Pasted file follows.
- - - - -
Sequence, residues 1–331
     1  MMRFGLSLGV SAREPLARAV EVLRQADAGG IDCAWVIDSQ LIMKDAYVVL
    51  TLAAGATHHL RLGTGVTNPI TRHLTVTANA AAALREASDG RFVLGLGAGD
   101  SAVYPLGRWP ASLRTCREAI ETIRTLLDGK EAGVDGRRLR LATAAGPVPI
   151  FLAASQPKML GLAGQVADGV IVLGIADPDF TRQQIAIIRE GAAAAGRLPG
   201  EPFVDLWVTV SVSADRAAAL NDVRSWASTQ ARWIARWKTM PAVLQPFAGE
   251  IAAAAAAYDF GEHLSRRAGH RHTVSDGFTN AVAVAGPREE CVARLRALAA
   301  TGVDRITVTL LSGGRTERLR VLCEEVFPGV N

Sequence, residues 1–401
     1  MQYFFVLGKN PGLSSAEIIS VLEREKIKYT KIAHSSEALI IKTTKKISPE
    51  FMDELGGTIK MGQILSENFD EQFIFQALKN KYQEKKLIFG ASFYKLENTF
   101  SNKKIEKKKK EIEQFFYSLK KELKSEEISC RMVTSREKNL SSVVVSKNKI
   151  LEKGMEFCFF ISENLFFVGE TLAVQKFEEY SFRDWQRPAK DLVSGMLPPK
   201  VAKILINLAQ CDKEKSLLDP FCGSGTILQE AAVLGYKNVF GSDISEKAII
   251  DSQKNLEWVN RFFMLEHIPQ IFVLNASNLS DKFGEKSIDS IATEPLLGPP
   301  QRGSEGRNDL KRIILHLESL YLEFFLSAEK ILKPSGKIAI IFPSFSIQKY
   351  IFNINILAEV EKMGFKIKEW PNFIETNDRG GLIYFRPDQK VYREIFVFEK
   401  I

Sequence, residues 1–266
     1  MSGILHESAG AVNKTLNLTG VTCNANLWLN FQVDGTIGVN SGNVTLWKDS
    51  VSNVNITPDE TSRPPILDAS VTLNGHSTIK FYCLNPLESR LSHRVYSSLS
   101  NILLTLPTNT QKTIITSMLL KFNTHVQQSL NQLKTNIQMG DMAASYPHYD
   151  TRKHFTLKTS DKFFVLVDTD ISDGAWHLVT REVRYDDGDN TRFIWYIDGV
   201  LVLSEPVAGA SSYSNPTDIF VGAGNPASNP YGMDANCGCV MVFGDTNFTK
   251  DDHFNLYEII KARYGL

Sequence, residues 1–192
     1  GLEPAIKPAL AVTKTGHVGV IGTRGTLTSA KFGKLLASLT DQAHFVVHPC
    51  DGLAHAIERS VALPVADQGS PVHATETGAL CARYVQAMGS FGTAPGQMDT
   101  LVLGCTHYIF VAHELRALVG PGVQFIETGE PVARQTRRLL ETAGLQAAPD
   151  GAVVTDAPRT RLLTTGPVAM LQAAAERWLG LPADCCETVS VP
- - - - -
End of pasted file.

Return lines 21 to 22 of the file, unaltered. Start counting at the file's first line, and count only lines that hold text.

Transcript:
    51  VSNVNITPDE TSRPPILDAS VTLNGHSTIK FYCLNPLESR LSHRVYSSLS
   101  NILLTLPTNT QKTIITSMLL KFNTHVQQSL NQLKTNIQMG DMAASYPHYD